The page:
Example…in tarpon there is a nice dusty waterfront bar restaurant called captain jacks…pays for 60 employees as reported…winn dixie, one of the larger grocery store chains was also claiming 60 employees last year…this year they claim 95…same store…no visible increase in warm bodies

  9. Katniss Everdeen

    I get where this story is coming from, and walmart should most certainly be expected to provide adequate security for its customers. As for the shoplifting, I couldn’t care less.

    On the other hand, I’m not sure it’s entirely fair to hold walmart responsible for the bad behavior of the increasingly cash-strapped, desperate population it calls its customer base, at least at some of its stores.

    Walmart was once celebrated as a shining example of the low-priced, corporation-enabled abundance that globalized “free trade” would shower on the grateful american consumer. That it hasn’t quite worked out that way, reflects failures of more than just walmart’s.

    1. Felix_47

      In many communities Walmart is the the biggest target in town for plaintiff attorneys. Given the competition from Amazon I am surprised they are doing as well as they are. I wonder who is behind this piece.

    2. Jim Haygood

      Katniss — I’m with her! From the journos’ point of view, the immense appeal of this article lay in their editor letting them go completely over the top at the end, turning it into a dark dystopian novella:

      The dingy office, filled with jokes and light banter seconds before, falls silent. This little corner of the giant store has turned into a counseling center. As mascara and tears streak down her red cheeks, the woman apologizes for stealing. She talks about how she’s been an alcoholic for most of her 29 years, how her three kids live with their dad because she knows she can’t care for them. She says her current partner beat her two days ago because she took her kids to the pool and had “too much fun.” She’s going to counseling for her alcoholism. She was planning to go cook dinner for her children at their father’s house after she left Walmart.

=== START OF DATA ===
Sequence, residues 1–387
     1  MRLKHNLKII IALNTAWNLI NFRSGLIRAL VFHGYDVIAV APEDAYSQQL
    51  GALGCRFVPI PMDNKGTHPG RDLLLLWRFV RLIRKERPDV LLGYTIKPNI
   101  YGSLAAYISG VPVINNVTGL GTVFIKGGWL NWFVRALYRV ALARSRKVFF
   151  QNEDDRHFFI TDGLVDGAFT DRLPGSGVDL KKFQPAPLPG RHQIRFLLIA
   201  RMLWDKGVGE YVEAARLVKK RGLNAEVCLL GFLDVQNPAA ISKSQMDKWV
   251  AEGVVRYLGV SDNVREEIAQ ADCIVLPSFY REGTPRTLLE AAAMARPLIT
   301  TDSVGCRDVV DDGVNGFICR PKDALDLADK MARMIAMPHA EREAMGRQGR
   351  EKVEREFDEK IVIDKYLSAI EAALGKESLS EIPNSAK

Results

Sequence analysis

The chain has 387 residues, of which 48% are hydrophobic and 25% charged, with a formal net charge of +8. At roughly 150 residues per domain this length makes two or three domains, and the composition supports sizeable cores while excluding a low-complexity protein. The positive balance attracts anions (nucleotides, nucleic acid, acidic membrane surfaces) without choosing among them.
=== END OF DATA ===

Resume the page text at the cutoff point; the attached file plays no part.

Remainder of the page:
The woman with the phony gift cards and marijuana quietly tells her that she too was in an abusive relationship. They talk in murmurs. Ross writes the younger woman a summons to appear in court. It’s her first offense. She walks out with no shoes, because no one can find the ones she left in the shoe department. That’s all right, she says, “I can deal with it.” As she leaves, Ross worries her abuser is waiting for her in the parking lot.

      Later that day, after the sun has set and the air has cooled, the store grows quiet. In the parking lot, a private security SUV with a flashing yellow light on top sits near the exit. Driving the car is a small, elderly man whose tufts of gray hair are barely visible over the steering wheel. Private security jobs like this tend to go for $10 an hour in Tulsa. The “T” on the Walmart sign has burnt out. Stray cats scrounge around. In the far reaches of the lot, people hunker down in their campers, vans, and U-Hauls for the night. It’s nearly midnight in Tulsa, and for a few hours it looks like the local cops may get a break from Walmart.

      Shoeless alcoholic shoplifters with mascara-chained cheeks shuffling off into the night … lawzy, y’all … all that’s missing from this dire scene are packs of feral dogs, devouring the corpse of a deceased homeless person in the alley behind the store, as the hungry hobos in the campers wonder whether they can grab a hunk without getting bit.

      1. Katniss Everdeen

        That was the “best” part of the article.

        The cop takes the purloined shoes back and sends her out barefoot with a summons for a failed “shoplift,” and back to the guy who beat her up.

        Great “police work,” Officer Walmart. What’s this world coming to when domestic assault victims can steal a pair of junky walmart shoes and get away with it?

        If any of this is even remotely real, or embellished for journalistic impact.

      2. Jeremy Grimm

        A Walmart in Fort Worth may have come up with a way to make shoplifting pay. The jails in Tarrant County can be filled with trainees to learn to become seamstresses — that covers the female shoplifters. Not sure what sort of useful skills the male shoplifters are trained for in their side of the jails. Also look for an attorney to try a criminal case sometime. A vast proportion of the defense attorneys specialize in defending DWI and shoplifting perps. The city benefits from out-of-state perps by taking the bail money and not worrying too much whether the offender comes back — good riddance! And to round things out Walmart can sue a shoplifter to recover their loses. Wins all around.

        1. Paid Minion

          Seamstresses? What a joke.

          They should train them to be mortgage brokers and Wall Street investment bankers.

          The good news is that they would never be arrested again, no matter how much they stole.

      3. Carolinian

        There’s a Natalie Portman movie where the pregnant Portman is dumped by her boyfriend when she goes ino Walmart to buy shoes to replace the ones that fell out the rust hole in the bottom of their car. Walmart….all purpose stand in for dogpatch America.